Social Determinants – Who Decides?

WhyHunger’s Community Partnerships Manager Suzanne Babb, recently spoke at Wholesome Wave’s Transforming Food Access Summit about the role and limitations of existing nutrition incentive programs to address the unequal access to good, fresh, affordable healthy food and the poor health outcomes that some communities experience as a result.

Here is an excerpt from her remarks:

Let’s start with a provocative question: Is providing access to healthy food enough to address the food insecurity and poor health outcomes that have become so entrenched in certain communities?

We must first ask why do these inequities exist in the first place?  Why do some communities have readily accessible healthy food and what makes it so unaffordable for others?  What can we learn by examining the social determinants of health?  What can we learn by exploring the systems that perpetuate hunger and poverty in our country and what is the relevance to nutrition incentive programs? 

Part of the answer may lie in looking at the environmental factors that influence a person’s health, more commonly known in the public health world as the social determinants of health. Health is affected by individual choices AND community, environment, culture, connectedness and institutional policies and practices.

Here’s a traditional model of the five determinant areas that reflects a number of critical components/key issues that affect health outcomes. In this version, access to healthy food is just one critical component under “Neighborhood and Built Environment” in determining health outcomes. But here’s the thing: This diagram assumes is that these determinants collectively affect each person’s health in the same way, all things being equal.



Now let’s look at different model, from the “Gathering Wisdom” First Nations health conference in Canada.



The difference is that this version recognizes that all things are not equal. It shows that there other factors at play, like systems of oppression that affect women and people of color more persistently that show up in the form of racism, sexism rooted in a history of colonization and social injustice. These systems of oppression create persistent inequities in access, resources and opportunities that impact health. In other words, you have a society where certain communities have more power and privilege than others.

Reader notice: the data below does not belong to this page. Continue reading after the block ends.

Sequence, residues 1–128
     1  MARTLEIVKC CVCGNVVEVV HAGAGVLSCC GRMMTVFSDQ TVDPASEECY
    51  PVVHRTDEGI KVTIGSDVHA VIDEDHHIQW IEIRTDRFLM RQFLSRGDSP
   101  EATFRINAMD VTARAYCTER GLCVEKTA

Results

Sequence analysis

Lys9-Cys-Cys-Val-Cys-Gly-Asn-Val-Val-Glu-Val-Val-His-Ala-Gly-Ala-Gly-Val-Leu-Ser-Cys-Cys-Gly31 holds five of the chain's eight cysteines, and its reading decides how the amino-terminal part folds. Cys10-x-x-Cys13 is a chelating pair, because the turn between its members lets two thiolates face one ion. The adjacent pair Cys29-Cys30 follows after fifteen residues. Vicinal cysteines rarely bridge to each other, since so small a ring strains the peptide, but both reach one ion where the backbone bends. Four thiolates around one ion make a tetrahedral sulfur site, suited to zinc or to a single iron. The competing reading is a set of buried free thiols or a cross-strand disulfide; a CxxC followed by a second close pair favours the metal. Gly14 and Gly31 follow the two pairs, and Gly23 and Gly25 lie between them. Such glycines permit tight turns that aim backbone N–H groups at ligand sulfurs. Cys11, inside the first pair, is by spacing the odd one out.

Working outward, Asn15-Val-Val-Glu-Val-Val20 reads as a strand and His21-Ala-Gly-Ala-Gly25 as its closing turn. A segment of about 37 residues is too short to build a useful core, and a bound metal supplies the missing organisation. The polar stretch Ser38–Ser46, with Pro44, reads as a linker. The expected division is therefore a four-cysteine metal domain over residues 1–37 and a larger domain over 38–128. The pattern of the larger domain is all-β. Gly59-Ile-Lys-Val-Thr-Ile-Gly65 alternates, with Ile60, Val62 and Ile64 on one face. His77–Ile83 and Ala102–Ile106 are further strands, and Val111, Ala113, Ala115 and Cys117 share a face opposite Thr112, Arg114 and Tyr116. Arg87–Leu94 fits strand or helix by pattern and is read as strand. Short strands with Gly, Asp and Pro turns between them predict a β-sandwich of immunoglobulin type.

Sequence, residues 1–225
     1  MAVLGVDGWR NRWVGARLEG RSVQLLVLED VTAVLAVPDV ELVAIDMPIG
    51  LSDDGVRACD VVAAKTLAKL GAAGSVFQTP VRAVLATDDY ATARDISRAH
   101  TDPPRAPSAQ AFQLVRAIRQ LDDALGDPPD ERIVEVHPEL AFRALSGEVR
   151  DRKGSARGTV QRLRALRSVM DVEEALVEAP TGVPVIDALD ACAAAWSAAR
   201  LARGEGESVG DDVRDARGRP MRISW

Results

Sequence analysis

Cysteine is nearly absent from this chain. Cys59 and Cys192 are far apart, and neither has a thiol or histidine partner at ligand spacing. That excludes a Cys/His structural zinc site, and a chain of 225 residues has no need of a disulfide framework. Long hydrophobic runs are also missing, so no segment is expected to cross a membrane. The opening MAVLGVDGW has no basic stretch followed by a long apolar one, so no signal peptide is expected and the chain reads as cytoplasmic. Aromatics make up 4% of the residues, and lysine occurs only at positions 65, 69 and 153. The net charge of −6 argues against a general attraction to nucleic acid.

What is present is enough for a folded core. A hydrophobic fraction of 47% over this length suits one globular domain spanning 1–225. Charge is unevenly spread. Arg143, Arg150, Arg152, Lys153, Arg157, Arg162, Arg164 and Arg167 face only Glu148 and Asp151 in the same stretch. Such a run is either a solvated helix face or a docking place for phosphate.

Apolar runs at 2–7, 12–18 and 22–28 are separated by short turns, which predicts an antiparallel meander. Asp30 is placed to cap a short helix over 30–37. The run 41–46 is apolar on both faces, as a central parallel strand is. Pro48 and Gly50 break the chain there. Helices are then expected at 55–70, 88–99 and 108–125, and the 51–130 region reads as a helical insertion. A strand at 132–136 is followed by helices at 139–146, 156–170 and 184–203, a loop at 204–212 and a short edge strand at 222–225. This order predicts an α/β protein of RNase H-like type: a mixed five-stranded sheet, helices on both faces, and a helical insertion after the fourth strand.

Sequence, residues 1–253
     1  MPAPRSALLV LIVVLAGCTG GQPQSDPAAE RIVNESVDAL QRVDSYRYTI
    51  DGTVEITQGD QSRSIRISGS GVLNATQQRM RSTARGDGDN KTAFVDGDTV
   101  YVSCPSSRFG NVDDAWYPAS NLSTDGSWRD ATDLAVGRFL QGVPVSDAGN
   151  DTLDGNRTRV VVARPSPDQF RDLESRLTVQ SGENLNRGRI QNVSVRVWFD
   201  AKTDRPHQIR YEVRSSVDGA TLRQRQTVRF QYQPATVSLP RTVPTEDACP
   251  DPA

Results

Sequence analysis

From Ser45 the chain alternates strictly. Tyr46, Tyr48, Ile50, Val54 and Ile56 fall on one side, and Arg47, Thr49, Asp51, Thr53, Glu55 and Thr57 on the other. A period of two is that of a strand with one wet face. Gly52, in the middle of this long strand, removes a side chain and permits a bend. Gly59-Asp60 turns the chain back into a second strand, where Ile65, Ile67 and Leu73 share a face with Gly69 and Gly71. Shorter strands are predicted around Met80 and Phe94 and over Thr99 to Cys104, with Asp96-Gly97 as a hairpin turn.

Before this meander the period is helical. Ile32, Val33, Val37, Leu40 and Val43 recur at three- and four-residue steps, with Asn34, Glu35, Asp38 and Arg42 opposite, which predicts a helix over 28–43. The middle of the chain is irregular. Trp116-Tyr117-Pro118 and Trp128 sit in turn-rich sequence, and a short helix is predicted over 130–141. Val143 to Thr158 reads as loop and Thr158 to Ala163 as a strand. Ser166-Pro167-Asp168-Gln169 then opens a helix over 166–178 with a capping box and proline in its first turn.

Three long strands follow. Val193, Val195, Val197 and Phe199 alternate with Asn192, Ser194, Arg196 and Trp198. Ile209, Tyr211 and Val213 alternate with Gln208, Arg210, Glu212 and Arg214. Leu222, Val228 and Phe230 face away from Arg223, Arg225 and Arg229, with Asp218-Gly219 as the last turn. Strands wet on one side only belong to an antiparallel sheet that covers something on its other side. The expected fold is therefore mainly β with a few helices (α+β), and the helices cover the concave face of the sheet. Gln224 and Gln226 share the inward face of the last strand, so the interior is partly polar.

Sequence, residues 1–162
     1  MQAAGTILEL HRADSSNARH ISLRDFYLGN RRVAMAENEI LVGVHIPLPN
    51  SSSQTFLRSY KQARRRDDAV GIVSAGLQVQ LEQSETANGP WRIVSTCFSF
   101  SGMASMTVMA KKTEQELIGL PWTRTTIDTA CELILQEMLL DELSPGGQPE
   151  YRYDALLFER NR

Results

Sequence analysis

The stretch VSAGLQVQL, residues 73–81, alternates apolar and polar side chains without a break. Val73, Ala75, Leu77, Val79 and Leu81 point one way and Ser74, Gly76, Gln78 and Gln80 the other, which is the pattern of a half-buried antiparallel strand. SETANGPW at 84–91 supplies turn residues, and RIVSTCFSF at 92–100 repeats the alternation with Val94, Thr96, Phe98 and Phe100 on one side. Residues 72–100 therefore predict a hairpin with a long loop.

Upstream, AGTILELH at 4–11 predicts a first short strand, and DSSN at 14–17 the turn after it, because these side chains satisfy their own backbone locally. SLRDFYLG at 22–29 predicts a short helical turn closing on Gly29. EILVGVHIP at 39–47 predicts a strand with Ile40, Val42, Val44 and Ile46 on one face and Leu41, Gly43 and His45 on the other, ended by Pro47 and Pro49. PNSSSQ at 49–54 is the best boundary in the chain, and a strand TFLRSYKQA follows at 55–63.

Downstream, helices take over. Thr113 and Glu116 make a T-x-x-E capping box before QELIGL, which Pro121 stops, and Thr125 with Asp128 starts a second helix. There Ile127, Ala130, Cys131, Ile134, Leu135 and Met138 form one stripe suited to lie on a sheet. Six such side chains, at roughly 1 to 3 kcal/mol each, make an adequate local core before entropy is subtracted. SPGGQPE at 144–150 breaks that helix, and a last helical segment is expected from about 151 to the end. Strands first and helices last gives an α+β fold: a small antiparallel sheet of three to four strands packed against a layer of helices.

Because this diagram was created by the community that is directly affected by these issues, it shows a fuller and deeper analysis of what needs to be addressed to bring about better health in their community. It also underscores the importance of a culturally- appropriate lens. For example this diagram was created by the First Nations communities and they asked: Does the land where I live have clean water, are there good jobs, health services, safe housing? How does racism, colonization, or local control of resources affect wellness of both the individual and of a nation? What about the intersections between wellness and the justice system, self-determination, child protection, and revitalization of language?

Sometime these concepts can seem theoretical and abstract. But the point is these are all factors that play a role in poor health outcomes and food insecurity. The imbalances of power and privilege and the inequities they create get played out in every space in which we work, live and play, including in our own organizations and programs. And in all of these spaces there is opportunity to shift this dynamic.

Suzanne ended her remarks asking folks to consider additional questions: How can we make nutrition incentive programs more equitable for those who are participating in them? How can we shift the power dynamic? How can we demonstrate and value people as experts in their own experience? How do our programs change or evolve when we use a lens that considers the root causes of poor health in the first place?

Calondra McArthur